Skip to content

At A E Batchelor Ltd, Saddlers

August 20, 2015
by the gentle author

After I featured Mia Sabel the Saddler in Walthamstow last spring, Anthony Batchelor got in touch and invited me to visit his family business of A E Batchelor Ltd, Saddlers, established in Epping in 1919

Contributing Photographer Patricia Niven & I took the train down to Epping to meet Anthony Batchelor and his dad John who work together as the third and fourth generation in their family saddlery business. Anthony picked us up from the station and drove us through the town, past the former shoe shop and saddlery established by his great-grandfather in an old weatherboarded house in 1919.

Since 2005, high street premises have no been longer required by A E Batchelor Ltd. Anthony drove us through the winding lanes until we turned into the yard behind an imposing Georgian farmhouse, where he and his father operate today from a comfortable and quiet workshop in a converted barn. Such is their reputation that, even without a website, Anthony and his father find they have as much work as they can handle simply by word of mouth.

While John stays in the workshop at his bench, Anthony sets out on the road driving seven hundred miles a day to visit customers across East Anglia, from the daughters of wealthy businessmen in Southend up to old hunting families in Norfolk. I was assured that, given their different preferences in music and choice of radio channels, such a division of responsibility suits father and son very well.

“In 1919, my great-grandfather Alfred Edward Batchelor returned from the West Indies where he had a sugar plantation,” Anthony explained to me,”he worked for Freeman Hardy Willis in Croydon and then he bought a shoe shop in Epping.” In the thirties, the family purchased the saddlery next door and ran both shops until 2005.“He always called himself the reluctant saddler,” admitted Anthony, referring to his grandfather Alfred Robert,“so he went and worked at Blisses.”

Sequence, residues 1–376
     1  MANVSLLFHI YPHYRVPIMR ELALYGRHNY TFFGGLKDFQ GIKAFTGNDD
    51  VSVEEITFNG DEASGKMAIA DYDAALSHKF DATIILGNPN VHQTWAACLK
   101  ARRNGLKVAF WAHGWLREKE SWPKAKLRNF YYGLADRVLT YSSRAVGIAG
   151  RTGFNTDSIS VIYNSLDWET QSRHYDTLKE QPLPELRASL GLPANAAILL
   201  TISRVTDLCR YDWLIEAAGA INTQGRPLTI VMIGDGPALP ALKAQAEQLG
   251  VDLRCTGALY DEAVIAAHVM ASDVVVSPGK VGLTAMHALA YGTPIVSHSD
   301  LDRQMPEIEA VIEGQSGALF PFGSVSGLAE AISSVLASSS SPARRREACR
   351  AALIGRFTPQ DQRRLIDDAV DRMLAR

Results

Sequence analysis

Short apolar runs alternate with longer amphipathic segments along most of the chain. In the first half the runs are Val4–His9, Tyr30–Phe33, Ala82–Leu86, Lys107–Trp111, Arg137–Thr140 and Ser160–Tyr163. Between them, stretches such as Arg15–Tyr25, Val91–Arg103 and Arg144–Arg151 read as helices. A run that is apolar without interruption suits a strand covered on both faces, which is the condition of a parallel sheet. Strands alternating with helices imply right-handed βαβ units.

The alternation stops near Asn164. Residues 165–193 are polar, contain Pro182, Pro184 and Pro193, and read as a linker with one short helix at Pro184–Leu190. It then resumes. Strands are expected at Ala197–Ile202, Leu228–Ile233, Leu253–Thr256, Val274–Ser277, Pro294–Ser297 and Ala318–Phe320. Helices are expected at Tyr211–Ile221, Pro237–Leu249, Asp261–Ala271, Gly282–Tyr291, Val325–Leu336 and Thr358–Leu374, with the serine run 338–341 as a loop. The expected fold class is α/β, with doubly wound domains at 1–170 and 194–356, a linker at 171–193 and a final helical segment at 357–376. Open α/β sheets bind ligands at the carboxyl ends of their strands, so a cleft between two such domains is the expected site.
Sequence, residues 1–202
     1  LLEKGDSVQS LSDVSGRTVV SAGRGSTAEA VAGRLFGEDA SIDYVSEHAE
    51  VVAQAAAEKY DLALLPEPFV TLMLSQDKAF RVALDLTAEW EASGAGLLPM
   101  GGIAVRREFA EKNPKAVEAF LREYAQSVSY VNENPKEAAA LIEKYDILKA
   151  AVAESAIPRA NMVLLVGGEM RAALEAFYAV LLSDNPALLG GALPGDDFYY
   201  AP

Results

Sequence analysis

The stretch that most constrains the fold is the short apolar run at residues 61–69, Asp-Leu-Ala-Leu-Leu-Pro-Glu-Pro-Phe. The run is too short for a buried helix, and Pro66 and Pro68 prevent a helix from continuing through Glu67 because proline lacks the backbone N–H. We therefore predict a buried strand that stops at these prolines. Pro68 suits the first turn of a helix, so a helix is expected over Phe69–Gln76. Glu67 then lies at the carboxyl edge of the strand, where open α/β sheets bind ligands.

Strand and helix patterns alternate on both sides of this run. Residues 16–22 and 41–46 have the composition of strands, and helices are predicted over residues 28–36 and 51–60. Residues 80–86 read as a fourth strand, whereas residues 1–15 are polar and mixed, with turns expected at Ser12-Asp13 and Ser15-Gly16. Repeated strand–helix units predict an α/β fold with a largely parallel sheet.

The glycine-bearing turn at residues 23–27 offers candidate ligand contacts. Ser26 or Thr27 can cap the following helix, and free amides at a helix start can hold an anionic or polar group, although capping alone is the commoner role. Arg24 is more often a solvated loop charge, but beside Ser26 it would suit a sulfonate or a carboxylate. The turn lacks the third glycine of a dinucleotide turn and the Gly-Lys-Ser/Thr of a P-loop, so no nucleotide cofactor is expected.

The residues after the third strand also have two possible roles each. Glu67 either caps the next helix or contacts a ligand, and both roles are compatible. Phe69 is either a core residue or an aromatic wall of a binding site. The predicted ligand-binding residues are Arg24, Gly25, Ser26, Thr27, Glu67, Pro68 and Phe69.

Bliss & Co of Sun St, behind Liverpool St Station, were the last of the many saddlers that once existed in the vicinity of Bishopsgate, originally serving the needs of travellers in the days before the coming of the railway. Thus Alfred Robert and then his son Alfred John both trained at Blisses, which – astonishingly – only closed in the eighties and today its handsome red brick building, custom-built as a saddlers, still stands in Sun St unfortunately awaiting imminent demolition.

“We still use my grandfather’s tools,” Anthony revealed, lifting and brandishing up a half-moon shaped knife which his father had just employed,“he ‘liberated’ this knife from an abandoned saddlery when he went into occupied France at the end of World War II.”

Neither father nor son have any regrets about abandoning the retail side of the business in Epping.“When we had the shop we were there all hours, it was a hard life,” confided John,“now I can take a day off whenever I please.” I watched John as he stitched a simple dog lead with painstaking care. “The work we do is rustic in style,” he informed me modestly, almost apologetically, confessing that his primary concern was to create items which serve their purpose at a reasonable price. Yet, to my eyes, John’s expert stitching and years of experience conspired to produce a distinctive object of subtle beauty in which the form fitted the function perfectly.

The shoe shop in Epping High St opened by Alfred Edward Bachelor in 1919 with the saddlers next door

Alfred John Batchelor

In the saddlery in Epping in the sixties

Alfred John Batchelor with his father Alfred Robert

John at his work bench

Sewing a dog lead with the traditional saddlers’ double stitch

Bob Cuthbert repairing harnesses at A E Batchelor in the sixties

The knife ‘liberated’ by Alfred Robert Batchelor in World War II and still in use

Anthony shows the card templates used to ensure saddles fit the horse’s back

A Sciver – a machine for splitting leather straps

Catalogue for Bliss of Sun St, beside Liverpool St Station

Photographs copyright © Patricia Niven

You may also like to read about

Mia Sabel, Saddler

Tom Burch, Farrier

At Wood St Stables